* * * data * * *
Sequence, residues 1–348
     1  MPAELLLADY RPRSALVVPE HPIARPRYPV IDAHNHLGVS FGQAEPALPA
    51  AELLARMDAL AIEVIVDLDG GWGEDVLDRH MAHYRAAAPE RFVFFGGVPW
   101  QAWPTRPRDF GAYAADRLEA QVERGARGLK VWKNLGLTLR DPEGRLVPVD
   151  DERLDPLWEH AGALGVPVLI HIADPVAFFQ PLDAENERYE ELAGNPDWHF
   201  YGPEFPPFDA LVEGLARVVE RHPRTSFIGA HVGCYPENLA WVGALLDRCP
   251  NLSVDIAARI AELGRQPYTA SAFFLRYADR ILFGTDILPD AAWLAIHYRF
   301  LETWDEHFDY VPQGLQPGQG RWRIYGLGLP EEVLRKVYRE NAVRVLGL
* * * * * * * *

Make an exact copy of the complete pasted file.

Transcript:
Sequence, residues 1–348
     1  MPAELLLADY RPRSALVVPE HPIARPRYPV IDAHNHLGVS FGQAEPALPA
    51  AELLARMDAL AIEVIVDLDG GWGEDVLDRH MAHYRAAAPE RFVFFGGVPW
   101  QAWPTRPRDF GAYAADRLEA QVERGARGLK VWKNLGLTLR DPEGRLVPVD
   151  DERLDPLWEH AGALGVPVLI HIADPVAFFQ PLDAENERYE ELAGNPDWHF
   201  YGPEFPPFDA LVEGLARVVE RHPRTSFIGA HVGCYPENLA WVGALLDRCP
   251  NLSVDIAARI AELGRQPYTA SAFFLRYADR ILFGTDILPD AAWLAIHYRF
   301  LETWDEHFDY VPQGLQPGQG RWRIYGLGLP EEVLRKVYRE NAVRVLGL